Learn To Sail A Schooner No.5
Sailing Away From A Quay With The Wind Aft
About SchoonerSail’s Learning To Sail A Schooner Articles
John, Trinovante’s skipper started writing these articles after some Trinovante Crew asked for more information on the fundamentals of schooner handling. These articles are not imagined theory. John has written about specific situations that have arisen.
Seafaring is an ongoing learning process and John cautions against set piece manoeuvres. You need a plan but it needs to be flexible because things don’t always go according to plan.
Sail Training involves learning how to safely handle ropes, tying basic knots and using winches, among other things. The crew need these skills is to be able to carry out manoeuvres under sail or power.
Full in-depth knowledge of exactly what is going on is not essential, so dip into these Learning To Sail articles only if you want to
Sailing Away From A Quay With the Wind Aft
Sailing off a quay requires careful timing. Each crew needs to know what their specific role is going to be and are briefed beforehand so they understand what is about to happen. Once the operation has begun, things happen quite quickly.
The aim here is to get the boat away from the quay, turned, on the wind, with the sails drawing and ready to tack in the shortest possible time – before we reach the other side of the fjord opposite the quay.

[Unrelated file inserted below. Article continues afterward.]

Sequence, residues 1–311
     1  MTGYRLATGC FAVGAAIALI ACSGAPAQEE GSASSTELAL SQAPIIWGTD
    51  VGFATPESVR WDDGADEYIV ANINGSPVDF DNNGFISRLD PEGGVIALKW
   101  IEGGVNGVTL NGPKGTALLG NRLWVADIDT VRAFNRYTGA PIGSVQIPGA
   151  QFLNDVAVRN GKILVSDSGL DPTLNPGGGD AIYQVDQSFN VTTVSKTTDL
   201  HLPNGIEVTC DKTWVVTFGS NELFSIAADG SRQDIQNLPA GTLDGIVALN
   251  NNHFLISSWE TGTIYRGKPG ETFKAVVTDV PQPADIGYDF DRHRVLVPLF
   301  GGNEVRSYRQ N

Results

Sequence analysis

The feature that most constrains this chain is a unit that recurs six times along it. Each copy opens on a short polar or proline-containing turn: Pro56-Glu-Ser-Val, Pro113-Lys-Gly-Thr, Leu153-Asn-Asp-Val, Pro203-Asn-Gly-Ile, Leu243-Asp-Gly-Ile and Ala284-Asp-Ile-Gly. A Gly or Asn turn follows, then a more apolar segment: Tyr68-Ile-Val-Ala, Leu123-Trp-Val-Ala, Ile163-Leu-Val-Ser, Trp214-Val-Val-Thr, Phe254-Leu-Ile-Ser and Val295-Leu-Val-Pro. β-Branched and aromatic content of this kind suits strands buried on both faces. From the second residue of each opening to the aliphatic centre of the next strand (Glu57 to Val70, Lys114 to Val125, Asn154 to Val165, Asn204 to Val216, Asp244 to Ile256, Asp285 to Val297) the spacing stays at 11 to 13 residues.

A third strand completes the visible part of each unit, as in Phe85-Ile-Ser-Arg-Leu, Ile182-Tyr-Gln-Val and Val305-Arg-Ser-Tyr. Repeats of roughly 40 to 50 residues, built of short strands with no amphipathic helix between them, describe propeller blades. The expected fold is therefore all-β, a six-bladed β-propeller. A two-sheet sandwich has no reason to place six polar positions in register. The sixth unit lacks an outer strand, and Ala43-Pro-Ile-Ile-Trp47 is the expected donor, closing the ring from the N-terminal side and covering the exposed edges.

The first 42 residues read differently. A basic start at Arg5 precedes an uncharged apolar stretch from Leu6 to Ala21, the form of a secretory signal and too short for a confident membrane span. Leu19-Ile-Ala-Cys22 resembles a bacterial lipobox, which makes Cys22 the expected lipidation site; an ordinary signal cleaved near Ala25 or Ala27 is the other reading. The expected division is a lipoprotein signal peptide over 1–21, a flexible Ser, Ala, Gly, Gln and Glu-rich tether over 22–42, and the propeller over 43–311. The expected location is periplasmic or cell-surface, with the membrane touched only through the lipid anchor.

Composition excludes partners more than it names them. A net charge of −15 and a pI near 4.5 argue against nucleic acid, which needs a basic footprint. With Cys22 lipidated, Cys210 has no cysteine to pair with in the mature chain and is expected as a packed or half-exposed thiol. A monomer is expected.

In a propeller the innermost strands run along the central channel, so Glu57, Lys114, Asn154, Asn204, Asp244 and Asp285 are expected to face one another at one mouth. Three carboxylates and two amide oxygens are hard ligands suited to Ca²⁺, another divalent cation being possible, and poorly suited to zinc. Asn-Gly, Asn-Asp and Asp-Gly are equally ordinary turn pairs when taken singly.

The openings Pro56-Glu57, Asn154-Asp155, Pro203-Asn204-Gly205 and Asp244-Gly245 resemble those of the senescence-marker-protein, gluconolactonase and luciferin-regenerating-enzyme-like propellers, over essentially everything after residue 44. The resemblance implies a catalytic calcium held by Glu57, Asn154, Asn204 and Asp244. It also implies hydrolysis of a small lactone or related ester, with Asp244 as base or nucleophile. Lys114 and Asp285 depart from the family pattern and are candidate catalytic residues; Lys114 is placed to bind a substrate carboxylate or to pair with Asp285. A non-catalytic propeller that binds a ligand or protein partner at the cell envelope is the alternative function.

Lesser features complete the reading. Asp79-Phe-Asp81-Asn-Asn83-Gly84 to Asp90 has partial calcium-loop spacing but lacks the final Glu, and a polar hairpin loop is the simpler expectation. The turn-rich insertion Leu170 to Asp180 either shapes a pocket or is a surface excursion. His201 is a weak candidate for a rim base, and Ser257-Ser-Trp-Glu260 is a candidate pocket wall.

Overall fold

The wind is blowing slightly off the quay from aft. Slip lines been rigged and are ready to let go from onboard. All the sails have been prepared and are ready to hoist.
The staysail is hoisted sheeted amidships which acts like a weather cock to swing the boat in line with the wind.
The forward slip line is released and as the boat tries to move ahead with the force of the wind the stern is swung in causing the bows to swing out.
As the boat comes in line with the wind the jib is hoisted and the stern line is slipped.
Trinovante begins to gather way before the momentum of the swing is lost.
As the stern comes clear of the quay the peak of the mizzen is hoisted. This allows the wind to push the stern round accelerating the turn. As soon as possible the crew get the rest of the mizzen up.
The fore sail and main sail are now hoisted and the crew progressively sheet all the sails in until Trinovante comes round onto a close hauled heading.
The crew go straight to their tacking stations. Once Trinovante has enough way on we can tack and start to beat out of the fjord.
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